Perfectionism: OCPD, not OCD
As a perfectionist, you are likely to have been not only misunderstood but also misdiagnosed as having Obsessive-Compulsive Disorder. Don’t worry: while you might “test positive” for some OCD traits, the chances are you don’t have it. To make sense of the difference between Obsessive Compulsive Disorder and Obsessive Compulsive Personality Disorder, let’s take a moment to examine the distinction between obsessions and compulsions.
Obsession Isn’t Compulsion
An obsession is a mental preoccupation, a recurrent thought. A compulsion is a course of action we take in order to reduce our obsessive preoccupation.
Not All Obsessions Are Created Equal
Obsessions can be desirable (or, in Freudian terms, ego-syntonic, i.e. pleasant to one’s ego) or undesirable (ego-dystonic, i.e. unpleasant to one’s ego).
An individual with Obsessive Compulsive Disorder experiences ego-dystonic (i.e. unpleasant, intrusive, undesirable) obsessions that cause great anxiety and relies on repetitive behavioral compulsions to reduce the anxiety.
A person with an Obsessive Compulsive Personality Disorder, on the other hand, is obsessed with doing the right thing and avoiding mistakes. Such a person experiences their obsession with being “right” and doing the “right” thing not as an intrusive thought but as a freely-chosen philosophy of living.
Therefore a person with OCPD, i.e. a perfectionist, experiences his obsession as desirable and ego-friendly (or ego-syntonic). Such a person fervently believes in the righteousness of his or her standards and compulsively pursues these standards through their actions.
In sum, it could be then said that while individuals with OCD and OCPD are similarly compulsive in addressing their obsessions, they differ in the vector of their obsessions.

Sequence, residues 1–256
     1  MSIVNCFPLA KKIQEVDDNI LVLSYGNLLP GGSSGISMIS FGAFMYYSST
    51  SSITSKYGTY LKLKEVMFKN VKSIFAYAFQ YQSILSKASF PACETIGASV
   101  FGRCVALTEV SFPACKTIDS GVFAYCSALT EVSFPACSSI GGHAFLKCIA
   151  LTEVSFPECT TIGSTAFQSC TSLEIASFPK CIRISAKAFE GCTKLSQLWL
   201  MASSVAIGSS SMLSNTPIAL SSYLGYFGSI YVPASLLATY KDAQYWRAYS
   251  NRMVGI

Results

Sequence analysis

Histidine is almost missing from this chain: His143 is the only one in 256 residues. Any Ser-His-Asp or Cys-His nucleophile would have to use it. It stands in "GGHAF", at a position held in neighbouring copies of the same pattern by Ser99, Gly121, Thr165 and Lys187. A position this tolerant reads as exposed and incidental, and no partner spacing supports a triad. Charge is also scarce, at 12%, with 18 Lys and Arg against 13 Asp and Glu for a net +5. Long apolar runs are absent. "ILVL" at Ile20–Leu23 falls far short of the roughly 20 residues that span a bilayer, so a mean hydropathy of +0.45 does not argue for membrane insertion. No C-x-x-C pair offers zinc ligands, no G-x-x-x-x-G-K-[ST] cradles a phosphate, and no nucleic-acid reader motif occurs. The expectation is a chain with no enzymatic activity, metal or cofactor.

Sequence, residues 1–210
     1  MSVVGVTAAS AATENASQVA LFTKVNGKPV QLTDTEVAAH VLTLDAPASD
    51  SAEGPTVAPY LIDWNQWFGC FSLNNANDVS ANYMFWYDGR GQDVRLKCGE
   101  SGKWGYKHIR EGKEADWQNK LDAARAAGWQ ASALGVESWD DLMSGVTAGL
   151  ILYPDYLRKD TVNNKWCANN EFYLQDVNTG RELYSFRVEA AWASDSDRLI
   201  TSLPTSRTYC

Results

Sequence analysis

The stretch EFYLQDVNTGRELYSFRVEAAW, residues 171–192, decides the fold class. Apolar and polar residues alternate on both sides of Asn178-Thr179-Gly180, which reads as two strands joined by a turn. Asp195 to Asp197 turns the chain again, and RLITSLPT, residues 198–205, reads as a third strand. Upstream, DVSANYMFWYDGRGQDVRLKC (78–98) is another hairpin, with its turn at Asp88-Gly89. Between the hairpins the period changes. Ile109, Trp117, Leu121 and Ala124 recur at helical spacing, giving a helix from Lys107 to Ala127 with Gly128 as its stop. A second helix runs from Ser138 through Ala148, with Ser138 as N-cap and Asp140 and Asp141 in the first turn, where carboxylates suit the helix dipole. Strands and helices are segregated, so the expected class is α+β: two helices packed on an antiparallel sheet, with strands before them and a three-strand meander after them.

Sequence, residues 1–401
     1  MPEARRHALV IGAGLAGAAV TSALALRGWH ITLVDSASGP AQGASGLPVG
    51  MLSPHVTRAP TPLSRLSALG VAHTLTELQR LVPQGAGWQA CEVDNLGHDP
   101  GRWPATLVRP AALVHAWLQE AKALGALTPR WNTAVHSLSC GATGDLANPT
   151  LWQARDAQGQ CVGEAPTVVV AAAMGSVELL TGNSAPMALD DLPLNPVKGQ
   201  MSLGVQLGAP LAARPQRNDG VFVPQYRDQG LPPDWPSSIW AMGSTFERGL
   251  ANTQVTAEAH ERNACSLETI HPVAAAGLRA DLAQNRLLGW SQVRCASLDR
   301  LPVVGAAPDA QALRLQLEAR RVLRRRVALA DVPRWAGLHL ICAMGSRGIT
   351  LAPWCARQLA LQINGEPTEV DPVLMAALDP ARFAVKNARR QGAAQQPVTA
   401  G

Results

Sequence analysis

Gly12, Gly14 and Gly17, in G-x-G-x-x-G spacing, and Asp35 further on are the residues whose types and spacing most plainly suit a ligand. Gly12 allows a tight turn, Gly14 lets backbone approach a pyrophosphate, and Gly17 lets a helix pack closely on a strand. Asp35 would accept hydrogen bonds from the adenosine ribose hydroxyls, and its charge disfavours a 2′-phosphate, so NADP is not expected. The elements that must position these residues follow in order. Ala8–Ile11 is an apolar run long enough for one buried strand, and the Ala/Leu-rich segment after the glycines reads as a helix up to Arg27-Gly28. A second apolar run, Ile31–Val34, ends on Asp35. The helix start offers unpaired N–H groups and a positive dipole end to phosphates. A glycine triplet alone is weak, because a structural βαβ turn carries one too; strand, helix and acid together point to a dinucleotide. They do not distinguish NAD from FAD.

The individuals with OCD don’t want their obsessions, while OCPD perfectionists swear by them.
What’s Eating You, Perfectionist?
What’s eating me? What am I hungering for?
What am I chasing: perfection, approval, certainty, validation?
Ask yourself: Why am I seeking all this? How am I incomplete without it all? What’s amiss? Do I really need what I’m chasing, or do I just want it? What will approval prove? What will validation validate? What will certainty protect me from?
Whose stamp of approval am I striving for and why? Whose pat on my back has the power of the Midas touch that makes me feel golden, valuable, worthwhile? Whose opinion of me do I worship, seek out, cater to? Who has the power and wisdom to reassure me of all my fears and insecurities? Whose validation, attention, and acknowledgment do I need in order to feel visible and justified in my existence? Then ask yourself: Who promoted this person/these people to this special status? How did they earn such clout, such influence in my life?
How have I gotten by all these years without that I’m still chasing?
Ponder what’s eating you and learn how to feed your perfectionistic hunger from within.